A recent report on Reuters Health suggests that women who have had a miscarriage may be more likely to have complications with future pregnancies, even if they have only had one miscarriage.
Dr. Sohinee Bhattacharya of the Aberdeen Maternity Hospital and her colleagues looked at the records for 32,000 pregnant women, and found that even one miscarriage increases the risk of pregnancy complications in a woman’s next pregnancy. The study, published in BJOG: An International Journal of Obstetrics and Gynaecology, examined the outcomes the 32,000 women’s pregnancies. The study divided the women into three groups: 1561 were pregnant but their first pregnancy ended in miscarriage, 10,549 were pregnant with their second but their first pregnancy resulted in a live birth, and 21,118 were pregnant for the first time.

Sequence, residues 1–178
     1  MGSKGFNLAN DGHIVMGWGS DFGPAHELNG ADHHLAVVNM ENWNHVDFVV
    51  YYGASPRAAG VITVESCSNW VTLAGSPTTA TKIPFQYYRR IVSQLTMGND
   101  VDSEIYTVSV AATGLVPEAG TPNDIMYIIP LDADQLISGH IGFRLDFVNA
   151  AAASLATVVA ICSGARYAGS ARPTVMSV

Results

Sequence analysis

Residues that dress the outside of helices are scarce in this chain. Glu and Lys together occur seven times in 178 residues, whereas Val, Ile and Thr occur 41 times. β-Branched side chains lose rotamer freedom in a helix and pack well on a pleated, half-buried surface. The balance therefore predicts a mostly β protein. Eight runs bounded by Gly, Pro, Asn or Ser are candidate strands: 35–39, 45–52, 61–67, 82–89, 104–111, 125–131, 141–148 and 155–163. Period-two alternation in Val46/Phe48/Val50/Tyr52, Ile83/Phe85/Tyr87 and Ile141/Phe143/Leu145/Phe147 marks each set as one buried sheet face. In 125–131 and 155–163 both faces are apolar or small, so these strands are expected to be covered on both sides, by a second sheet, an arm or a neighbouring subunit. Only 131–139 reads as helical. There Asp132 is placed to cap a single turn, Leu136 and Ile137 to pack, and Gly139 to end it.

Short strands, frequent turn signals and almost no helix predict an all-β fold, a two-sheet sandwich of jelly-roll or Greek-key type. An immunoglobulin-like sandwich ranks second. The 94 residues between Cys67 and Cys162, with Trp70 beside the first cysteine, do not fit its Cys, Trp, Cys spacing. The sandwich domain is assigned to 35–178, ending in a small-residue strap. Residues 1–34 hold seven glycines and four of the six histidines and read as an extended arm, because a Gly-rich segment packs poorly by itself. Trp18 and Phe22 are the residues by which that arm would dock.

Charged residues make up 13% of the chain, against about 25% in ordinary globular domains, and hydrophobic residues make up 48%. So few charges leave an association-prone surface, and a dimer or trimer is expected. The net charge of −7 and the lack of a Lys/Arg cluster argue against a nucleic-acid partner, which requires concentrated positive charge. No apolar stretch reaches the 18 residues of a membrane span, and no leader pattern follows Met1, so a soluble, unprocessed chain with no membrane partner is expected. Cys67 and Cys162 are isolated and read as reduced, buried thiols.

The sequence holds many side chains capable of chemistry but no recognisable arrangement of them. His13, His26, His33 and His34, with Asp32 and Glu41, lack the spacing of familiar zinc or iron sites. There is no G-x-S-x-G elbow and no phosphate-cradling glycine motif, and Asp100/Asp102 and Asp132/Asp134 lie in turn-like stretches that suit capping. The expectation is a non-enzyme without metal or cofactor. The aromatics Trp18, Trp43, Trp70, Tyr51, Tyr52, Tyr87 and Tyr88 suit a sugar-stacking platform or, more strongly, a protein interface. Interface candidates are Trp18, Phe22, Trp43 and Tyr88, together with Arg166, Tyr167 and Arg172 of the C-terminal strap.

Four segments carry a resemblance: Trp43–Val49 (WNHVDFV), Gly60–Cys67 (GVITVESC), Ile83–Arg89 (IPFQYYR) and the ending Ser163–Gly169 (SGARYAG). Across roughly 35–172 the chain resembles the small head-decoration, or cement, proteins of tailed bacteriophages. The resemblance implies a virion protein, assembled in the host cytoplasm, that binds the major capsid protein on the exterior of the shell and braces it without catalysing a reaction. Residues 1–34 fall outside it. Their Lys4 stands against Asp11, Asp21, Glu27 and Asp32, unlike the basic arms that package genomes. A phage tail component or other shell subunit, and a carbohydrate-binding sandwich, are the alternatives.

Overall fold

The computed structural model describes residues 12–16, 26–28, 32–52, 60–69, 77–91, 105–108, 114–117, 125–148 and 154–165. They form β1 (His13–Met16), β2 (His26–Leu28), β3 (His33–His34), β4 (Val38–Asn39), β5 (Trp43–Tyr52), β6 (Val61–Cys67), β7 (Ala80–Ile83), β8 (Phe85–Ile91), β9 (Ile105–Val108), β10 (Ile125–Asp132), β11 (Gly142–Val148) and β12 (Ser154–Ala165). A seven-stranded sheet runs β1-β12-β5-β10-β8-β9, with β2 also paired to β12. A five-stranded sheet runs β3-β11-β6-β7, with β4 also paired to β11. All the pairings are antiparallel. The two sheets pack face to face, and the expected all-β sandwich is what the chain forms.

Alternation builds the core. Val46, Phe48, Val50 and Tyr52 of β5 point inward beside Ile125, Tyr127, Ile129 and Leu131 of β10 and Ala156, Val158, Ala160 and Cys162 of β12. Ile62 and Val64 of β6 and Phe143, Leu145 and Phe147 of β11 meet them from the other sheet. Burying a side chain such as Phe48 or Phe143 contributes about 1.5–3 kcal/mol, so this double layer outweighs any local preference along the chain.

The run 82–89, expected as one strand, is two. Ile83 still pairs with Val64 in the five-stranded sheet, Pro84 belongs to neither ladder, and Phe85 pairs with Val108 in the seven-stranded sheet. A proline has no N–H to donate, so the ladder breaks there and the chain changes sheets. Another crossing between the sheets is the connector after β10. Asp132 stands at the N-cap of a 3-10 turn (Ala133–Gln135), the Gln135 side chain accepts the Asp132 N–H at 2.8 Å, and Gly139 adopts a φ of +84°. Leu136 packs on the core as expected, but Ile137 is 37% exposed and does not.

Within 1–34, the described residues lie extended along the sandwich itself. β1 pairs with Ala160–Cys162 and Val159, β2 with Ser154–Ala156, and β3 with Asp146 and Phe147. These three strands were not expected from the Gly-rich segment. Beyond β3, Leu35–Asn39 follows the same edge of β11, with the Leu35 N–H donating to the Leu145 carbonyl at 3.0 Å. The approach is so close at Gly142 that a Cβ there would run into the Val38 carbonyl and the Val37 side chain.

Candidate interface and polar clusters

When the three groups were compared, researchers found that the women who had a previous miscarriage were at higher risk of having pregnancy complications that included: threatened miscarriage, preterm delivery, the need for labor induction, and postpartum hemorrhage.
Previous research on miscarriage has focused on the risks of miscarrying again, but not examined the effects on subsequent pregnancies. The study’s findings showed that women who have had a miscarriage should be aware that subsequent pregnancies might require closer monitoring. While this might sound frightening to women who have had a history of miscarriage, one or multiple losses, this information can be used to alert them to be more diligent with getting early prenatal care and to be watchful for potential pregnancy complications with subsequent pregnancies.
Bhattacharya told Reuters that even though the risks might be small, vigilance "should not be restricted only to women with multiple miscarriages."